Safety Study of Sildenafil in Treatment of Cerebral Aneurysm Vasospasm
Rupture of a cerebral aneurysm is a serious medical condition that may result in permanent disability or even death just related to the aneurysm rupture itself. Patients who undergo successful surgical treatment of their aneurysm will rarely experience problems related to that specific aneurysm in the future. However, blood that is on the surface of the brain from the initial aneurysm rupture is very irritating to other blood vessels that it comes in contact with. When these blood vessels become irritated, they spasm and become narrower. This narrowing restricts blood flow through the vessel, and if severe can result in a stroke that is caused by inadequate blood flow through the vessel. Depending on location and severity, this condition of vessel spasm (cerebral vasospasm) may result in permanent disability or death. Treatment to prevent cerebral vasospasm decreases the risk of stroke. This research is trying to see if a medication that is FDA approved for the treatment of lung disease and sexual dysfunction can be used to prevent and/or treat cerebral vasospasm.
Drug: Sildenafil citrate
|Study Design:||Endpoint Classification: Safety/Efficacy Study
Intervention Model: Single Group Assignment
Masking: Open Label
Primary Purpose: Prevention
|Official Title:||Safety and Efficacy Trial of Sildenafil Citrate in Attenuation of Cerebral Vasospasm Following Aneurysmal Subarachnoid Hemorrhage|
- Onset of cerebral vasospasm, defined as transcranial Doppler velocity exceeding 120 cm/sec. [ Time Frame: Daily measurements for 12 days ] [ Designated as safety issue: No ]
- Longterm outcome as measured by the Glasgow Outcome Scale and Barthel Index assessments [ Time Frame: 6 months ] [ Designated as safety issue: No ]
|Study Start Date:||July 2009|
|Estimated Study Completion Date:||January 2011|
|Estimated Primary Completion Date:||July 2010 (Final data collection date for primary outcome measure)|
Trial Arm (single arm study)
Drug: Sildenafil citrate
20 mg tablet orally every 8 hours until Day 14 post-hemorrhage
When a cerebral aneurysm ruptures, the surface of the brain and its blood vessels are covered with clotted blood. This condition is called subarachnoid hemorrhage (SAH). Subarachnoid hemorrhage secondary to rupture of a cerebral aneurysm is a medical condition associated with a high morbidity and mortality; approximately 10-15% of patients die before reaching medical care, and overall mortality is approximately 45%. Of those that survive, 30% suffer permanent disability graded as moderate to severe, and two-thirds of survivors never return to the same quality of life as they had prior to their hemorrhage. A large number of patients (30-70%) who are able to make it to the hospital and have successful treatment of their aneurysm will develop delayed cerebral vasospasm that is related to the blood clot from their initial aneurysm rupture. Of patients that survive their initial aneurysm rupture, vasospasm results in an additional 7% mortality and another 7% of severe disabilities secondary to ischemic strokes from severe spasm of cerebral arteries.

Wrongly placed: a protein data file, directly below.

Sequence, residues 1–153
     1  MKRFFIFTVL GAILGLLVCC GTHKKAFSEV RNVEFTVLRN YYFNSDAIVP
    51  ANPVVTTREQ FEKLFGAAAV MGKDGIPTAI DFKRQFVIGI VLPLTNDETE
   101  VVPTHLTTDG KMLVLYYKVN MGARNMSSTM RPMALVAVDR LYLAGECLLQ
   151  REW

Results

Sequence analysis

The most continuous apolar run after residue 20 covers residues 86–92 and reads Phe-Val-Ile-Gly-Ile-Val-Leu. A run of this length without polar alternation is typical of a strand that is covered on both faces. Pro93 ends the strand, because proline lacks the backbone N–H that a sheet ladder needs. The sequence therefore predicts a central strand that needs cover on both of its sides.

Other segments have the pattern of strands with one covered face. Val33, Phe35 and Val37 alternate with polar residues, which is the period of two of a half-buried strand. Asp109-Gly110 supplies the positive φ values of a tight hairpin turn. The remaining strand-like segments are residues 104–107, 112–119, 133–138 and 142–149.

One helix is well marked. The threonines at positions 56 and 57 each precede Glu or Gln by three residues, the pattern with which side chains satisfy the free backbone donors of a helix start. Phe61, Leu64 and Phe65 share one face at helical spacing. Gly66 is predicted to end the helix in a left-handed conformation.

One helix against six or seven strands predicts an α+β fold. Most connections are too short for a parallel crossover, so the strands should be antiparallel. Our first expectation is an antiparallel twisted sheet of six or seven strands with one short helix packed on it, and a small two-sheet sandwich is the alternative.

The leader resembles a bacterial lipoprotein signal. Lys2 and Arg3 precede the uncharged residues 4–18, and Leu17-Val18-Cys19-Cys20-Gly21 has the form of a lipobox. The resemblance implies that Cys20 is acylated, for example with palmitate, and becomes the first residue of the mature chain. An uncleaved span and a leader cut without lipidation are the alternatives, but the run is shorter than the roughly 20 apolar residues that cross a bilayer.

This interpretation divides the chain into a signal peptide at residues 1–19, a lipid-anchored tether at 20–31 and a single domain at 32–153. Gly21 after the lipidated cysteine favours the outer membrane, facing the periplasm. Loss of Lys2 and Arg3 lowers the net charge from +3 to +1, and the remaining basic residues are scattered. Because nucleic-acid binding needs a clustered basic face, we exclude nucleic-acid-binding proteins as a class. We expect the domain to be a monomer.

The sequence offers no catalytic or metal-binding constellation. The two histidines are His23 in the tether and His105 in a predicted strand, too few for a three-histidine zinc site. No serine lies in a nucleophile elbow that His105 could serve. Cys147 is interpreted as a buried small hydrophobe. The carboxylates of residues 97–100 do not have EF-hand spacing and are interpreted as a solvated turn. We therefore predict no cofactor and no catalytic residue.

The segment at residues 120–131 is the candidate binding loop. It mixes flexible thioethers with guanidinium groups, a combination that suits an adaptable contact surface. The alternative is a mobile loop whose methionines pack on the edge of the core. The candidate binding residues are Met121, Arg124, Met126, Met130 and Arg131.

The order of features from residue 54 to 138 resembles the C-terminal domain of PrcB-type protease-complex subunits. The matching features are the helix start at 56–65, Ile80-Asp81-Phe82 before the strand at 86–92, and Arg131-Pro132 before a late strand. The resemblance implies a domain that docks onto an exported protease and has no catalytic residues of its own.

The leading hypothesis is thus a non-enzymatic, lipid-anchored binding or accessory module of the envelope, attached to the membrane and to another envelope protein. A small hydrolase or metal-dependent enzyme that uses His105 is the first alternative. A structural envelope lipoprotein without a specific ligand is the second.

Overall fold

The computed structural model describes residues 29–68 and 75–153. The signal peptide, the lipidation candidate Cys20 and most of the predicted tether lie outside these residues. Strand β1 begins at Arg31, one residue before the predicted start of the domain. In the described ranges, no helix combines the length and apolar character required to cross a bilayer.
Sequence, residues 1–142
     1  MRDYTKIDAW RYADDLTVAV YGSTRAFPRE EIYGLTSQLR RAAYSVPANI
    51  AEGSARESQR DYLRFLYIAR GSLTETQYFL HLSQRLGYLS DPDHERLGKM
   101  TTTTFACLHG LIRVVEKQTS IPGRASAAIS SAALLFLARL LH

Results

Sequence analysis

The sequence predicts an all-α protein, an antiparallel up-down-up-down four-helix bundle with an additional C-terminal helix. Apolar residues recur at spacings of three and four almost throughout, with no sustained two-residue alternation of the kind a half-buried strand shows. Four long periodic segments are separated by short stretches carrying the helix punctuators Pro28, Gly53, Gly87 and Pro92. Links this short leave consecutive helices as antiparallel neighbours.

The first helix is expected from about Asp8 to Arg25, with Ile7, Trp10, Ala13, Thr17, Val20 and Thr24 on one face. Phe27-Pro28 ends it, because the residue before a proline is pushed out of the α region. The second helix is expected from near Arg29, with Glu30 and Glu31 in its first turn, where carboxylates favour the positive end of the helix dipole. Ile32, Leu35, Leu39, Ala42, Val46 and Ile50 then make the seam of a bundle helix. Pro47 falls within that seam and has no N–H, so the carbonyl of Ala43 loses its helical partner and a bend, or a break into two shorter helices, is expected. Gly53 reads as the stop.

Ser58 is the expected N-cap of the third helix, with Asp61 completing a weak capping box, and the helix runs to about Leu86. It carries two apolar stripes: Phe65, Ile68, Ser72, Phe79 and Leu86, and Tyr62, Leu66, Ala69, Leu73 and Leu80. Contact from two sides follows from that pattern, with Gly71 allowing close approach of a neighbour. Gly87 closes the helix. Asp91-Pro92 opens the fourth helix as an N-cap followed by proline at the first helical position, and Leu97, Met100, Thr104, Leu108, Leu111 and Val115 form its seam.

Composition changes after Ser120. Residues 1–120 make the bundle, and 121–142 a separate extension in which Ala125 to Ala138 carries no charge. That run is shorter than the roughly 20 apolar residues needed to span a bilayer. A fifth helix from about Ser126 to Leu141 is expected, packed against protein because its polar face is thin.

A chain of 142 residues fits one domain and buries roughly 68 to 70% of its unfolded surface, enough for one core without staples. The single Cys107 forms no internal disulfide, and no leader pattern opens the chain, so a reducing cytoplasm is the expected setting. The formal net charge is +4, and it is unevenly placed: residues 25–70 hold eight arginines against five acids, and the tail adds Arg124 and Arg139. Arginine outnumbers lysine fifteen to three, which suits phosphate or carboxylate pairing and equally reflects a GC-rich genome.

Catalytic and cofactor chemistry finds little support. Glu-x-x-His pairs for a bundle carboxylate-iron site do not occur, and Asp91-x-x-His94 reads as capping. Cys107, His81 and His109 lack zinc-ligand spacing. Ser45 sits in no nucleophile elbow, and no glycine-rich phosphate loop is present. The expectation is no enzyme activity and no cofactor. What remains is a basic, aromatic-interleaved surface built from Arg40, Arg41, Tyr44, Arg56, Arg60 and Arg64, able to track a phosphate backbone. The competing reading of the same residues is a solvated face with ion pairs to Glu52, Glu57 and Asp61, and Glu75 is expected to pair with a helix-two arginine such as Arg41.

The pathogenesis of cerebral vasospasm has been a topic of significant research. The occurrence and severity are directly related to the volume of hemorrhage and the thickness of the blood clot encasing the arteries. Arterial vasospasm and impaired vasodilation are delayed processes that have a gradual onset, typically starting no earlier than 3 days post-hemorrhage and clinically resolving within 12 days of the initial aneurysm rupture. Breakdown of the clotted subarachnoid blood impairs the normal vasodilator and constrictor mechanisms of the cerebral arteries by altering the levels of several molecules including nitric oxide (NO), a vasodilator. Nitric oxide is normally produced by vascular endothelial cells and leads to vasodilation by stimulating the enzyme soluble guanylate cyclase. This enzyme catalyzes the production of cyclic guanosine monophosphate (cGMP), which is responsible for vasodilation through both direct and indirect actions. Selective deactivation of cGMP is accomplished by the enzyme phosphodiesterase subtype V (PDE-V). Studies have revealed elevated levels of PDE-V and diminished levels of cGMP in animals with experimentally induced SAH, while levels of nitric oxide synthase remain stable after hemorrhage. This prior research points toward SAH causing an enhancement in PDE-V activity, subsequently decreasing cGMP levels and impairing normal vasodilation.
Papaverine, a nonselective phosphodiesterase inhibitor, is beneficial and selectively used for treatment of active vasospasm. Its use is limited by its short duration of action, and its nonspecific nature results in systemic vasodilation and subsequent hypotension. Sildenafil citrate, a selective PDE-V inhibitor, has been shown to enhance the reactivity of the cerebral vasculature in normal healthy adults and has been shown to decrease the severity of vasospasm in animals with experimentally induced SAH. These effects have been noted with minimal effects on systemic hemodynamics. Given that sildenafil citrate has safely demonstrated the expected clinical effect of cerebral arterial dilation in normal healthy humans as well as animals with and without induced SAH, the aim of this study is to determine if this medicine shows efficacy in humans with SAH secondary to ruptured aneurysm.
|United States, Nebraska|
|University of Nebraska Medical Center|
|Omaha, Nebraska, United States, 68198-2035|
|Principal Investigator:||William E Thorell, M.D.||University of Nebraska|
|Study Director:||Guy A Music, M.D.||University of Nebraska|